What’s a PMO?
By Christian Bisson
PMO stands for Project Management Office. Since it’s objective & responsibilities vary from company to company, it is not necessarily easy to understand what it is.
So what is it?
The typical definition of a PMO is a group of people or department in an organization that is responsible for defining and maintaining project management standards. Note that in smaller organization, even one person could be considered the PMO.
Their responsibility may go beyond that:
- Portfolio management: Either by participating actively to the management of the portfolio or being fully responsible for it;
Resource management: They may have the responsibility of managing who works on which project;
Actual project management: they will either manage all projects or the most important ones;
Documentation / templates: Can also include which PM tools are used; and
Project managers’ training: Making sure the efficiency of project managers satisfy the projects’ needs.
Also good to note:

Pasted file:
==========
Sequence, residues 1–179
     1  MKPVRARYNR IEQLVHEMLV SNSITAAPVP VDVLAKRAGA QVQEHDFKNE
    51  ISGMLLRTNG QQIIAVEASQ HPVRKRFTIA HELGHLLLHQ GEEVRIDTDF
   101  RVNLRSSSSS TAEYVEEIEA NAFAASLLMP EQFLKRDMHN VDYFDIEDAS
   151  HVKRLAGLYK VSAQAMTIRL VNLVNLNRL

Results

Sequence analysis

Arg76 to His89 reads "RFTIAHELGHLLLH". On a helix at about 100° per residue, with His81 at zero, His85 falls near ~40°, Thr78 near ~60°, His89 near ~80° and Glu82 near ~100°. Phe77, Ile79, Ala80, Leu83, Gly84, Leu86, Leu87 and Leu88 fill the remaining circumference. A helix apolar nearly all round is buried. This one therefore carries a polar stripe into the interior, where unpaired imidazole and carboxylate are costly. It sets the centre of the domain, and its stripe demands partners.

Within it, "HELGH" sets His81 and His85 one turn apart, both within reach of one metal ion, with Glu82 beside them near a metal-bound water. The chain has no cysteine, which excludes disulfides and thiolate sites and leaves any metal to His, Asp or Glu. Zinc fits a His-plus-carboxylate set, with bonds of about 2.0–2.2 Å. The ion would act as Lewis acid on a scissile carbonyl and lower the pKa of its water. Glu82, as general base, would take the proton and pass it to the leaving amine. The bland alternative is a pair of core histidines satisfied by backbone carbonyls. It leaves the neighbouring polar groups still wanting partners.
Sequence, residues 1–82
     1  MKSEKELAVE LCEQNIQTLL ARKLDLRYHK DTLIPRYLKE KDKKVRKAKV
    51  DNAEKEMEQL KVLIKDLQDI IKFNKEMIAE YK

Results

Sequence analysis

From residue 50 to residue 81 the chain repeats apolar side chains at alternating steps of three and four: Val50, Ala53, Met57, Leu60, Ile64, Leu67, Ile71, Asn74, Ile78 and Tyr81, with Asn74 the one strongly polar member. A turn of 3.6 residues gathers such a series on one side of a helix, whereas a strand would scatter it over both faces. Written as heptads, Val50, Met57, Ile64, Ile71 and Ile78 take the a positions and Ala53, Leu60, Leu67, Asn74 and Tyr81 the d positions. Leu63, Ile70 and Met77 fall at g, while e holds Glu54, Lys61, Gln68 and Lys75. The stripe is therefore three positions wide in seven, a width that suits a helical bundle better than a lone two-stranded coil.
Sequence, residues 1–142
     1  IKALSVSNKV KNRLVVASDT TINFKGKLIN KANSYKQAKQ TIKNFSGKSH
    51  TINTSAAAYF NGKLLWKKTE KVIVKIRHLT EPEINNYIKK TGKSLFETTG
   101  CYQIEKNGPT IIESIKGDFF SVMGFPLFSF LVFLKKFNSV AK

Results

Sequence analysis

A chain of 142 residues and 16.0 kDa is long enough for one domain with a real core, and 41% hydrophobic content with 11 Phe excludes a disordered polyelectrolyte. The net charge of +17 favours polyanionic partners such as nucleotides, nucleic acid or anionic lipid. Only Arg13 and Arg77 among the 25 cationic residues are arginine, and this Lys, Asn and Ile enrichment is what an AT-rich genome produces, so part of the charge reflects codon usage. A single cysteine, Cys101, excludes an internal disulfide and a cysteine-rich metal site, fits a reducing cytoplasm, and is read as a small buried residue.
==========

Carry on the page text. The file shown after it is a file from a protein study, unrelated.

- A variation called PgMO exists, which Program Management Office. The idea is the same but applies to programs instead which are groups of projects that share similarities that make them more efficient to manage as a group rather than individual;
A PMO can have authority within the whole organization or just a department. Therefore, it is possible to have more than one PMO inside an organizational.
To complement the item above, it is also possible to have a PMO that manages the departmental PMOs.
What’s in it for Project managers?
- Great way to share opinion, and gain knowledge from others;
Work in an environment where project management maturity is higher;
Receive help if required;
Career opportunities can rise within the PMO;
PMO are a good sign that an organization as reached a certain maturity with project management, therefore it can be something that project managers seek when looking for a job. As long as objectives are clearly defined for it, PMO greatly rises the success rates of project overall. On the other hand, a poorly defined PMO can head useless overhead to projects and have a negative impact.
Christian Bisson is a project manager from Montreal, QC, Canada. His PM experience is concentrated in the Internet world, and he helped deliver over a 100 projects over his PM years. You can read more from Christian on his blog.